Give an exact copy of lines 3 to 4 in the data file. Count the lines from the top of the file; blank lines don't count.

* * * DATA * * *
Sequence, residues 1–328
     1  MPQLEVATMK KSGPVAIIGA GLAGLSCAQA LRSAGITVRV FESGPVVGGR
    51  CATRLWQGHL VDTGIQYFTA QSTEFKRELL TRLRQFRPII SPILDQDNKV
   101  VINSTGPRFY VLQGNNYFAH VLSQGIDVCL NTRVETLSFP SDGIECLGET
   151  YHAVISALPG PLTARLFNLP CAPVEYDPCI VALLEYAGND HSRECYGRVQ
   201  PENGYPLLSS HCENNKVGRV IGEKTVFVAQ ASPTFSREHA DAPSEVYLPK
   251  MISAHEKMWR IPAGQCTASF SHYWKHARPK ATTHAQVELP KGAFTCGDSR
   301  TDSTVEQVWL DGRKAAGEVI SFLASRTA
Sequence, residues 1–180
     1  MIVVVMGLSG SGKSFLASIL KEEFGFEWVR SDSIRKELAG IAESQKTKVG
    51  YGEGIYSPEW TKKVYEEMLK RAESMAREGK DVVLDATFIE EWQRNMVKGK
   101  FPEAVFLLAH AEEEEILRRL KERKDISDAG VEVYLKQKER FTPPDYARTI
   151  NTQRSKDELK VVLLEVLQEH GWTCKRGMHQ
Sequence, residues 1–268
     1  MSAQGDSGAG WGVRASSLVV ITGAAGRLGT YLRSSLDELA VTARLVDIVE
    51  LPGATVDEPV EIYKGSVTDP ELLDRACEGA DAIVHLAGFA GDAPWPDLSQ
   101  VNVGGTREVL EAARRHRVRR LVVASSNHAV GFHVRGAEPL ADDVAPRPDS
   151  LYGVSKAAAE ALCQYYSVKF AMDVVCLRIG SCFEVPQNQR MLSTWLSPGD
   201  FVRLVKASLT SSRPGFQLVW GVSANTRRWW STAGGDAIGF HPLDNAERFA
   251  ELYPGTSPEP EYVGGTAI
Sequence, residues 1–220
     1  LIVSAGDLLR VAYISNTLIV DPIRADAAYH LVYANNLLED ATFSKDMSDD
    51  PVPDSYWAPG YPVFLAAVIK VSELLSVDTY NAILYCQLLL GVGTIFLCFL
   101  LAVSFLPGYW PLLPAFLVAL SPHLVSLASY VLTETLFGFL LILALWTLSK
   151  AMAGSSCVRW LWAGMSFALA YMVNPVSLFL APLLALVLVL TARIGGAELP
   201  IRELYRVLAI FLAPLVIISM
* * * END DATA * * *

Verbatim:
    51  CATRLWQGHL VDTGIQYFTA QSTEFKRELL TRLRQFRPII SPILDQDNKV
   101  VINSTGPRFY VLQGNNYFAH VLSQGIDVCL NTRVETLSFP SDGIECLGET